How to write your ‘about us’ page and personal profiles

When I check my Google Analytics, I find my ‘About’ page is the second most popular link. I bet if you check your analytics, you’ll find your ‘About’ page is popular too. Why is that?

I think it’s because people do business with people. They don’t just want to know what you sell, they also want to know who’s who behind the scenes. They want to put a face to the name. They want to know what kind of business they are dealing with.

Dealing with organisations via the Internet is quite a remote experience. You want to express as much personality as possible through the screen, so customers understand what you do, trust that you can deliver it, and like your brand enough to buy from you.

As with all marketing communications, you have to decide what is the objective of your ‘About’ page; what is your Most Wanted Response.

External endorsements

If you want to engender confidence that you know what you’re doing, your ‘About’ page is where you do your shameless bragging. It’s not the place to be modest. Include external endorsements that prove your claims, such as:

– Testimonials, reviews or recommendations (see my Power of Social Proof article)

– Case studies

– Client list or logos

– Awards you’ve won

– Trade or professional memberships you hold

These may appear on the ‘About’ page itself, perhaps as a sub-page within the ‘About’ section, or even as standalone pages in the main navigation of your website.

Company history

When writing your company history, it’s natural to write something like: ‘We were founded in 1905 and then we bought this machine and then we grew and then we moved offices and then we launched this new product and now we do this, that and the other thing’.

My advice is to turn it upsidedown.

People get easily bored and may stop reading before they reach the most important bit at the end. Instead of writing in chronological order, write in paragraphs of decreasing importance. Start with what you do now, then go on to explain how you got where you are today, and end with the date your business was founded, if relevant.

Why choose

When your objective is to convince new customers that you’re the supplier they want, you can add a ‘Why choose us’ page as well as, or even instead of, an ‘About’ page. List the top 10 reasons to choose you, which acts as a shortcut to help potential customers decide.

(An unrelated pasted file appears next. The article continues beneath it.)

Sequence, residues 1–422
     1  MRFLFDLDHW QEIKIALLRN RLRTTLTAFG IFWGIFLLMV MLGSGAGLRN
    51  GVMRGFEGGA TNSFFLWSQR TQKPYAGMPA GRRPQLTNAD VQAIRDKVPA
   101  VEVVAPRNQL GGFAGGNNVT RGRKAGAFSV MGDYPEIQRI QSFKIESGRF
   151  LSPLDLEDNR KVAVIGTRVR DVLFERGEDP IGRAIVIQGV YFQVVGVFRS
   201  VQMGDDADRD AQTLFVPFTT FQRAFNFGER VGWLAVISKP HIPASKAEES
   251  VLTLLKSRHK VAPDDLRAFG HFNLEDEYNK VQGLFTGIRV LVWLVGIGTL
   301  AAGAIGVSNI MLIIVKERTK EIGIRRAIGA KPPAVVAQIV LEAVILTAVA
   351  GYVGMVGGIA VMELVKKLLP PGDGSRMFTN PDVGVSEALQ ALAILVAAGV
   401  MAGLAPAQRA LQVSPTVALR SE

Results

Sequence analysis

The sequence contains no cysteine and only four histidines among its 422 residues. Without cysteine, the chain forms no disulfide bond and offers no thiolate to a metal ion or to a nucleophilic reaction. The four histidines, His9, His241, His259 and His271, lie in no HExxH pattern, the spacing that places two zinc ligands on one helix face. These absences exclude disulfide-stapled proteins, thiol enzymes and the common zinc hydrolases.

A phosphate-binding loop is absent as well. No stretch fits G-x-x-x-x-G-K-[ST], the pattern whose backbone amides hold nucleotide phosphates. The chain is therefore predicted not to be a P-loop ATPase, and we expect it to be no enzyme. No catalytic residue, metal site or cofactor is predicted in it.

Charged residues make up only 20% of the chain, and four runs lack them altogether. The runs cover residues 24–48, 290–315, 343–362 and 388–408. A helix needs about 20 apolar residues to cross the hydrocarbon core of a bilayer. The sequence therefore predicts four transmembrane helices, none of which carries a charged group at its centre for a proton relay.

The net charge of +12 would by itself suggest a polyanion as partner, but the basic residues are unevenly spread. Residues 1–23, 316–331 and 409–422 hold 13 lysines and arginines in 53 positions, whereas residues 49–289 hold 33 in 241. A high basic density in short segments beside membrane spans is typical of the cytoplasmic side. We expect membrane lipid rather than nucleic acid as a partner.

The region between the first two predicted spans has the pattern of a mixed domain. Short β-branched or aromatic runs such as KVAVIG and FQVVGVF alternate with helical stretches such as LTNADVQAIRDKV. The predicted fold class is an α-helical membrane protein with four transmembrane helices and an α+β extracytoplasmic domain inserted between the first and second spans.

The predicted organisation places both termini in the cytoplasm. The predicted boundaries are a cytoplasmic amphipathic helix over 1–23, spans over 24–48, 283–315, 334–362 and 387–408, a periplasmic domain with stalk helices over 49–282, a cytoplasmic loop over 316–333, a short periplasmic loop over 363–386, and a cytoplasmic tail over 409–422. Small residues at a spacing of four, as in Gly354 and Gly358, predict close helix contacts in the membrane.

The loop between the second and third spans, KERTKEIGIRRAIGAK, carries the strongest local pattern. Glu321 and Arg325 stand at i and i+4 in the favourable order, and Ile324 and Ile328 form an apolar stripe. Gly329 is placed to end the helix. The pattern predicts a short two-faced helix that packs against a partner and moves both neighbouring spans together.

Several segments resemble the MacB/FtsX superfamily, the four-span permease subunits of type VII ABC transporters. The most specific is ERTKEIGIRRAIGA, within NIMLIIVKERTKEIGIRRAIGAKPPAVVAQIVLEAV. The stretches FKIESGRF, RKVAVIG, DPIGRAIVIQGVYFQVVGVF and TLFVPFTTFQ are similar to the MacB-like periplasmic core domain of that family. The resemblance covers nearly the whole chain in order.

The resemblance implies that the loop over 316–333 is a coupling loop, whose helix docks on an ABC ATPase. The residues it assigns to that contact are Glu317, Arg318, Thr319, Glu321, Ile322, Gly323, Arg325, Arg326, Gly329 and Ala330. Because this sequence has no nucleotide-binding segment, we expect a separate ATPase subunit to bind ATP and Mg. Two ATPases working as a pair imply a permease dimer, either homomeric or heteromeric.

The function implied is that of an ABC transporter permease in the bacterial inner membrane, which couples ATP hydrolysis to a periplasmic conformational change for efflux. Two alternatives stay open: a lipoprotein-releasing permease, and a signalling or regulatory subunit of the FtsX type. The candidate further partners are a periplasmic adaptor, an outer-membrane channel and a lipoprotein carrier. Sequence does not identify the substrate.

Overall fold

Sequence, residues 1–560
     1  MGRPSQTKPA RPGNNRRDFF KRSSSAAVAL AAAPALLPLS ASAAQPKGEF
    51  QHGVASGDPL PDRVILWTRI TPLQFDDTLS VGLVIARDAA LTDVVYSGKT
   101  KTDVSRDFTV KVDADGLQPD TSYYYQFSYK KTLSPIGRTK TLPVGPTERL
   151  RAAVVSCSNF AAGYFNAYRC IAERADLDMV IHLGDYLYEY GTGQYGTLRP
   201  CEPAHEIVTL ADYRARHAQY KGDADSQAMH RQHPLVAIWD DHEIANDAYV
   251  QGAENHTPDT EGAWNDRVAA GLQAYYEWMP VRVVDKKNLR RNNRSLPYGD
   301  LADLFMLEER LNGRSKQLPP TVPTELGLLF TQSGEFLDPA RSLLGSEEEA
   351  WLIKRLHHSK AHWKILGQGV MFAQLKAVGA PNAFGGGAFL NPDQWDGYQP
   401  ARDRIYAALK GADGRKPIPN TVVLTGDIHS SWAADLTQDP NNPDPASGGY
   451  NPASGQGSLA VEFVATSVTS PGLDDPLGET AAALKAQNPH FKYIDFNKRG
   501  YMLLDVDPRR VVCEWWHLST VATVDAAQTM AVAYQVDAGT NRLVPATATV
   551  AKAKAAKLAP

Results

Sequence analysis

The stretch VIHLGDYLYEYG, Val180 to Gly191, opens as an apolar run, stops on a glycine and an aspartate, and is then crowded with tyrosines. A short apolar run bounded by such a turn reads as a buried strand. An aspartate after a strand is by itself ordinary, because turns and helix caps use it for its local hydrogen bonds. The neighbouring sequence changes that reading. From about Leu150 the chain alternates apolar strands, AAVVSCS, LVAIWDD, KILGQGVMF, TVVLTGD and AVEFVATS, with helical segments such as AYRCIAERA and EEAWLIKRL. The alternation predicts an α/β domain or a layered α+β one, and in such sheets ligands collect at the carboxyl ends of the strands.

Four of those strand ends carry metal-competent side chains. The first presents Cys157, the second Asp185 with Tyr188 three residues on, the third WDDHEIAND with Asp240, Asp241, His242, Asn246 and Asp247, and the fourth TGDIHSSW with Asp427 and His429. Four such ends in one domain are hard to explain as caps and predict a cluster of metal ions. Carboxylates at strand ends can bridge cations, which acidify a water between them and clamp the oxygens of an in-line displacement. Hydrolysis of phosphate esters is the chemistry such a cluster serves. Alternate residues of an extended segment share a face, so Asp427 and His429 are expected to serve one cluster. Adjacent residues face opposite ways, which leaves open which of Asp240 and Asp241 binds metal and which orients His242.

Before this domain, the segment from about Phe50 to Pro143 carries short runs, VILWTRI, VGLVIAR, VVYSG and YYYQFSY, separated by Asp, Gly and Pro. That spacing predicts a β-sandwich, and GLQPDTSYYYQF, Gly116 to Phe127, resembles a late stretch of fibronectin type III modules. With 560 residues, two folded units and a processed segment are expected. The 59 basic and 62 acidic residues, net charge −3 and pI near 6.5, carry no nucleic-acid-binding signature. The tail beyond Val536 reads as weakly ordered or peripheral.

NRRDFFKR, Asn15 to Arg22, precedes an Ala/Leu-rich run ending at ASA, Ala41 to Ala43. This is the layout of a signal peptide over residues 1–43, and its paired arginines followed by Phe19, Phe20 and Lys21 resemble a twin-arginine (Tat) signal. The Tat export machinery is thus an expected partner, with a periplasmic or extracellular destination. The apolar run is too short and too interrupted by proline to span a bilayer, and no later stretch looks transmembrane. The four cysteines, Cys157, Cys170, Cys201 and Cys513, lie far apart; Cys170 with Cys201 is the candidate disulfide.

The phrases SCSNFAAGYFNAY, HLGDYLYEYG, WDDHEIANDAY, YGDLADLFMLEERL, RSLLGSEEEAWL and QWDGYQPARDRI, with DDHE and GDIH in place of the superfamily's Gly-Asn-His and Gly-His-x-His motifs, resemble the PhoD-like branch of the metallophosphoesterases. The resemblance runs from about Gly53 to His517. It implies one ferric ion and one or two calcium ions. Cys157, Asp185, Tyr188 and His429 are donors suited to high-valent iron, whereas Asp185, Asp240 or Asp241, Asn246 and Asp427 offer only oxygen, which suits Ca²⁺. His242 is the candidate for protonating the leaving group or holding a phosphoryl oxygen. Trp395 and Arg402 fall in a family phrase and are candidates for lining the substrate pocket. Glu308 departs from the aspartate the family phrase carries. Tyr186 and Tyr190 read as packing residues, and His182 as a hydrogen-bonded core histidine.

Check that every statement you make passes the ‘so what’ test. Turn features into benefits. For example, a car has four wheels. So what? So it can help you get from A to B more quickly.

Meet the team

The most common ‘About’ pages include pictures of key team members with a brief biography and perhaps a link to their LinkedIn profiles. It’s a good idea, but note that this type of bio is not a CV. As when writing company-level ‘About’ copy, you should write in reverse chronological order.

Start with what they do now and end with their previous job history and qualifications (if relevant). You can also include a quote from them as their personal message to clients. I always recommend you include a sentence or two about their hobbies and interests outside work, to make them more approachable. I bet if you write that they always wear odd socks, once kissed Kylie and support Arsenal football team, that’s what new clients will talk about before they discuss work!

Letter from the MD

Another approach for the ‘About’ page is to use the ‘Letter from the MD’ technique. Include a picture and details of the MD’s personal commitment to customers. Maybe even give their mobile phone number, for added reassurance.

Personal profiles

As with a dating site profile, your aim is to be relevant, show personality and be appealing enough for your desired customers to contact you.

There’s an ongoing debate on LinkedIn about whether it’s better to write profiles in the first person (“I am a copywriter”) or the third person (“Jackie Barrie is a copywriter”). In my view, it’s far better to write in the first person.

On Twitter, you only have 160 characters to write your bio. These may be the deciding factor about whether someone chooses to follow you or not, so they are critically important!

Here’s mine:

“I specialise in writing without waffle. Why? To help businesses improve their marketing communications. Why? So they can make more money”.

In line with my advice above about writing ‘About’ pages, my Twitter bio says more about my clients than it does about me.

What does yours say about you?

I originally wrote this article for Fresh Business Thinking

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